The Pitfalls and Perils of Drip Irrigation

When installed properly, kept in good repair and scheduled correctly, drip irrigation can be a tool to reduce outdoor water use. Consider these potential problems before deciding on drip.

Does drip irrigation save water? The answer is more complicated than you might think.

The benefit of drip is that it applies water slowly, ideally below a layer of mulch, directly to the soil so that all the water applied soaks in and evaporation is kept to a minimum. When it’s installed properly, kept in good repair and scheduled correctly, drip irrigation can reduce water use when compared to spray irrigation.

On the flip side a careless installation can saddle you with a wasteful, ineffective system that’ll cost you more money for its lifetime!

SAWS offers an Irrigation Design Rebate to retrofit existing spray zones to drip in flower beds. But before retrofitting your old system or if you’ve inherited drip irrigation, there are some potential problems to consider before committing to drip.

It’s up to you — the consumer — to pay attention to what your irrigator is doing during the initial installation or conversion. This step dictates how much water the zone will use per minute. The power of drip is that a water-wise irrigator can direct the water exactly where it’s needed in the flower bed, potentially saving water.

An important feature often left off of drip zones is an indicator head. This device lets you know when the zone is running and is an important tool for trouble shooting.

After drip is installed it requires maintenance, like any other part of your system. Drip zones should be flushed periodically to keep lines clean and functioning and the lines must be checked for leaks.

While most homeowners know to look out for broken heads, drip problems won’t be as obvious. Tubing can spring leaks or become detached, but since it should be installed beneath a layer of mulch it’s hard to tell. Make a point to run your drip zone while you walk the bed; a slight hissing noise under the mulch after the line has pressurized might be your only indication of a problem. It’s not uncommon for me to find breaks in drip tubing that increase water use by a factor of ten! Couple that with the fact that a broken drip line dumps all the water in one location instead of spreading it evenly across the zone. That amounts to a lot of wasted water.

Even if your system was designed correctly and you keep it in pristine condition, the most important part of saving water is programming.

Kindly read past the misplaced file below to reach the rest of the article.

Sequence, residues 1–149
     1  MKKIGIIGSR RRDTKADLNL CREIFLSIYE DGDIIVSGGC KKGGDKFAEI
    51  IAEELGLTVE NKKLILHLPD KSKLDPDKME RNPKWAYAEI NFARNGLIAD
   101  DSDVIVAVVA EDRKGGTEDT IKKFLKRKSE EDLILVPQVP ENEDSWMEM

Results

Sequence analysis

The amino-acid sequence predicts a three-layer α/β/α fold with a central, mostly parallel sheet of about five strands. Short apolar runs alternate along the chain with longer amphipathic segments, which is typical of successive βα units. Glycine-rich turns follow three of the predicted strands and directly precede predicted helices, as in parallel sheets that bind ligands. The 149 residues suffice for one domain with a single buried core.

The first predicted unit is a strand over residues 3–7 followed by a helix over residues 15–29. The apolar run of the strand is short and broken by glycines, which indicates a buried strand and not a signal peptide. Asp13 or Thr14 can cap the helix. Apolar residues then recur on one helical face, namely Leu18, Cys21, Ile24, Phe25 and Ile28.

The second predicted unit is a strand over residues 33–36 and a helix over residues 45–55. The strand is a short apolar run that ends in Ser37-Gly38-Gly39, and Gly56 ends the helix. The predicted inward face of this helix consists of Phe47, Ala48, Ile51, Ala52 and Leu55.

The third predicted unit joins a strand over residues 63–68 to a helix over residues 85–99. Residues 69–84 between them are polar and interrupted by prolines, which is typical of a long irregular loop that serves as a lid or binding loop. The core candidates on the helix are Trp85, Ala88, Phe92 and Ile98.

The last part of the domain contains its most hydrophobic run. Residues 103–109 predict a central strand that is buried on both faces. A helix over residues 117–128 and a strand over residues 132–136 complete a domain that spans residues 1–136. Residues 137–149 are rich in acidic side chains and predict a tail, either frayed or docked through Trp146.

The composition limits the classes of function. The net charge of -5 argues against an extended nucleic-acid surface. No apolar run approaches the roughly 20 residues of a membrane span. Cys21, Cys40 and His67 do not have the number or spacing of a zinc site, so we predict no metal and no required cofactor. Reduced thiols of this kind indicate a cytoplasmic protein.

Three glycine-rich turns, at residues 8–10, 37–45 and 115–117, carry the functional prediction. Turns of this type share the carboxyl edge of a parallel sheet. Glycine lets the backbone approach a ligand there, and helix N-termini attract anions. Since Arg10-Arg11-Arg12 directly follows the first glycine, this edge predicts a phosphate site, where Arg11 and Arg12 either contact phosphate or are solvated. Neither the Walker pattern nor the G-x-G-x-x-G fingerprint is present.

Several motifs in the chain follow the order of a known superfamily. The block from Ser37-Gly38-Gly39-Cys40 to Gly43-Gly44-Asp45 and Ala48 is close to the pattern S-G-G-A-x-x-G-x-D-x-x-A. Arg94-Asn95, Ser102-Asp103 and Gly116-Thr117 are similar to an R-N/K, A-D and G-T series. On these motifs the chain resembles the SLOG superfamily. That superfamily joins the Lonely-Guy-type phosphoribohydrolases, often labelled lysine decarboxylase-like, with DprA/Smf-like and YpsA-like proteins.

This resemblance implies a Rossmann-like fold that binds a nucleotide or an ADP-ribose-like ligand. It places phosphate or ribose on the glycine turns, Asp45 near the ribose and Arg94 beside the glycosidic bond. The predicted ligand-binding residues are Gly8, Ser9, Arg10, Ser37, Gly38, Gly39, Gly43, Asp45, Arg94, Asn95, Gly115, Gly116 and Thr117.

Here’s an anecdote from a homeowner who successfully completed a SAWS Irrigation Design Rebate:

At the initial consultation he had four spray zones running once a week for 70 minutes, using about 8 gallons per minute (2,408 gallons a month). After completing his retrofit he had two drip zones running three days a week, using about 3 gallons per minute. Good right? Wrong. Because the run schedule increased, the two zones were running a total of 360 minutes, about 4,644 gallons monthly — almost double the water he was using prior to changing his sprays to drip! I suggested he run the system only 80 minutes a week, plenty of extra water for his established plants.

Drip irrigation can be a tool to reduce outdoor water use, but often the hurdles are too high for the average homeowner to realize its full potential. Instead of spending the effort reworking your system why not rework your landscape?

While irrigation will only lose efficiency as it ages, a drought tolerant landscape will only become more established and drought resistant over time. Investing in drought tolerant plants will save you water and headaches in the long run.

Drip irrigation is an expensive solution to a problem Mother Nature solved a long time ago. Choose the right plants and weekly watering during the summer will be a thing of the past.

Picture of Cleveland Powell
Cleveland Powell
Cleveland Powell is a conservation planner for SAWS. He is enthusiastic about grass taxonomy and milkweed propagation. In his free time, Powell enjoys hiking around area parks in search of intriguing bugs, birds and plants.
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